How to go from city living to urban farming in six months

Photo by Matthew Modoono/Northeastern University

Do you know where your leafy greens come from? If you’re dining at a restaurant in Boston, there’s a good chance the salad greens you’re eating have been grown by two friends inside a small apartment in the city’s South End neighborhood.

Left to right: Matt Alto and Oliver Homberg, the co-founders of Boston Microgreens. Photo by Matthew Modoono/Northeastern University

Oliver Homberg and Matt Alto, two recent graduates of Northeastern, founded Boston Microgreens six months ago with little farming experience. But now they’re selling tray upon tray of tender leafy greens to home cooks and chefs from 30 Boston restaurants, including Uni, O Ya, Ostra, and Sorellina.

“Basically we just started growing stuff for ourselves, and then we got obsessed,” said Homberg, who studied international affairs and sustainable development at Northeastern. “We learned everything we know from videos on YouTube.”

The young entrepreneurs keep two hobby gardens that are bursting with corn, kale, carrots, melons, edible Borage flowers, summer squash, Bibb lettuce, purple Kohlrabi, zucchini, pickling cucumbers, and raspberries, which Alto picked as a kid.

But it’s microgreens—which can be used to add depth to a salad, crunch to a sandwich, or flavor to a dish—that are their specialty.

Photos by Matthew Modoono/Northeastern University

As their name suggests, microgreens are the first small leafy shoots produced by vegetables such as radishes, peas, and kale. Alto and Homberg cut the shoots before the vegetable has time to mature, which makes them especially flavorful and nutrient-dense. Their purple Sango radish microgreen, for example, is a tiny purple sprout of leaves that has all the spicy bitterness of a full-grown radish.

Because the plants are so young and tender, it’s important to move the greens from the soil to the plate as soon as possible, said Homberg.

“Chefs love these because we’re local,” he said. “We cut and deliver the greens the same morning, so they know they’re getting super fresh ingredients that haven’t been in the back of a refrigerated truck for a week.”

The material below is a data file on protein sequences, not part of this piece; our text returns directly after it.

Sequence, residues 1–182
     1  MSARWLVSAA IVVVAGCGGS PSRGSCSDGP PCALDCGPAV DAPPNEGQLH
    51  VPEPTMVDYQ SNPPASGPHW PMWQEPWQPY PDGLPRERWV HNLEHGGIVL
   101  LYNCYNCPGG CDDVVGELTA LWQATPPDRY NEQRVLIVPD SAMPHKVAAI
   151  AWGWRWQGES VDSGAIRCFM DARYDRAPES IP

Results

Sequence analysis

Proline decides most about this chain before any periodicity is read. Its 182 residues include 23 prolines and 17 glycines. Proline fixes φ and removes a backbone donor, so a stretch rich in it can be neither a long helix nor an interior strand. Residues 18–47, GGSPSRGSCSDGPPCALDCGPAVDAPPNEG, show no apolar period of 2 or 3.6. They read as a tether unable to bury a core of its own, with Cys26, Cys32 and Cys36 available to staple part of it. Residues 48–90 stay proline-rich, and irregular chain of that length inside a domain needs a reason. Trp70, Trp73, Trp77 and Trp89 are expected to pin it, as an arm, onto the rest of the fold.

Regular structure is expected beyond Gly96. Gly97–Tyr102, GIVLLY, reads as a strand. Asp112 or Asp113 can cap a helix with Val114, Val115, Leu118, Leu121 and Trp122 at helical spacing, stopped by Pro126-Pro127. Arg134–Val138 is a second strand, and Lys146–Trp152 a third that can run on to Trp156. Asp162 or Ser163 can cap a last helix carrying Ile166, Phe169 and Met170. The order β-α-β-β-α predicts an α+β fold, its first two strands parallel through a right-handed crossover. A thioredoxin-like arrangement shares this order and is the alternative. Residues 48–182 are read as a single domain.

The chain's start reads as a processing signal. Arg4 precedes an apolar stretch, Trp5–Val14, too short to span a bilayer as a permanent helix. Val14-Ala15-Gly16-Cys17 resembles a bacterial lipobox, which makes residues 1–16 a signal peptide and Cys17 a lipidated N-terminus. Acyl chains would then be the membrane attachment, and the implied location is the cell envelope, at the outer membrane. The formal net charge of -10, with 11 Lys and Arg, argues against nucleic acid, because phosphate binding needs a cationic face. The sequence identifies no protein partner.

Being a local farmer in Boston’s densely-developed, land-poor South End neighborhood is hard work.

Photo by Matthew Modoono/Northeastern University

Homberg and Alto have converted their apartment into a modern greenhouse, which includes one room dedicated to growing their greens.Three days a week, they sprinkle hundreds of partly-germinated seeds onto 10-inch by 20-inch trays filled with soil. They cover the seeds with more soil and then water them to start the growing process.

Once those seeds begin to sprout, they put the tray on a shelf outfitted with fluorescent lights and a watering system, leave the seeds to grow for anywhere from a few days to a few weeks, and then cut and package the greens for delivery.


Photos by Matthew Modoono/Northeastern University

“It can all be done in the middle of your living room,” said Alto, who studied mechanical engineering and material science at Northeastern.

Homberg and Alto, who graduated in May, say they have applied the lessons they learned in class to help them become successful urban farmers.

Alto credited his engineering coursework with helping him develop and build many of the irrigation and growing systems they use to farm, including a water-based growing unit. Homberg said his business courses primed him to—pardon the pun—grow a business from the ground up.

They plan to expand the business. They’re looking for a bigger space to grow microgreens and hope to partner with local elementary schools to bring kids into their outdoor gardens.

“Growing up, I was that kid who just ate whatever without thinking about it,” Alto said. “To have the opportunity now to be in control of the whole process—that’s something we want to share with as many people as possible.”